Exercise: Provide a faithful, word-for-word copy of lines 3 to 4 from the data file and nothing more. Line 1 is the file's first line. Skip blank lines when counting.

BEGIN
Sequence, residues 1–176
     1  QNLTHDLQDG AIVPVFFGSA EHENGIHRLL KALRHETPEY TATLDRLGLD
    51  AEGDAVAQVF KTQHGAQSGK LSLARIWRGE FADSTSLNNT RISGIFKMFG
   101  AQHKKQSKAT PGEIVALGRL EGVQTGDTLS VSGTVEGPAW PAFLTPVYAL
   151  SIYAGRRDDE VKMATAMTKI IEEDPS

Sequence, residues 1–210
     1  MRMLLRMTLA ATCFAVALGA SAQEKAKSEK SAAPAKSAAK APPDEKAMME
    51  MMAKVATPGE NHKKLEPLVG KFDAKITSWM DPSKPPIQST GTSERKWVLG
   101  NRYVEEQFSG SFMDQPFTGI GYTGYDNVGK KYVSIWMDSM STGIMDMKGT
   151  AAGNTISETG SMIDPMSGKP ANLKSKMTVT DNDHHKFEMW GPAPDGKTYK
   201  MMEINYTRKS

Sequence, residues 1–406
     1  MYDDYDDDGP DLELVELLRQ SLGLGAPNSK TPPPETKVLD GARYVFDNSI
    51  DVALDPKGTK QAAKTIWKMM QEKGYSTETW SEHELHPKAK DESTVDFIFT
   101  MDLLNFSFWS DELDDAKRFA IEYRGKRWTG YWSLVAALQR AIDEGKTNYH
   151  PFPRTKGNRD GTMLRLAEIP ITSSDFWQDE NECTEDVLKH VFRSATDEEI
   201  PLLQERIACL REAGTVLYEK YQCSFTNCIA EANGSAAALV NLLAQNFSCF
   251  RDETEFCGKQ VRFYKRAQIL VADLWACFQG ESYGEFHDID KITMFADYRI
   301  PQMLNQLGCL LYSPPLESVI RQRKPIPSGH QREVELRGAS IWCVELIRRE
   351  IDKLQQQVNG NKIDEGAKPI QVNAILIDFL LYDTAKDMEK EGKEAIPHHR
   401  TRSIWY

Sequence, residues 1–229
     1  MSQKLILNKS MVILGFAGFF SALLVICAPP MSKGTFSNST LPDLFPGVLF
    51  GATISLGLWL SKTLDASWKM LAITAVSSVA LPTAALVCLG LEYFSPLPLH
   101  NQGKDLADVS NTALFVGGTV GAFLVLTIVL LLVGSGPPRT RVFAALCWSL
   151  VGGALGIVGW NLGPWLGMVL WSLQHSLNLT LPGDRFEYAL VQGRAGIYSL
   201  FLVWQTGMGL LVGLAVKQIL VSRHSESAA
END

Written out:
    51  AEGDAVAQVF KTQHGAQSGK LSLARIWRGE FADSTSLNNT RISGIFKMFG
   101  AQHKKQSKAT PGEIVALGRL EGVQTGDTLS VSGTVEGPAW PAFLTPVYAL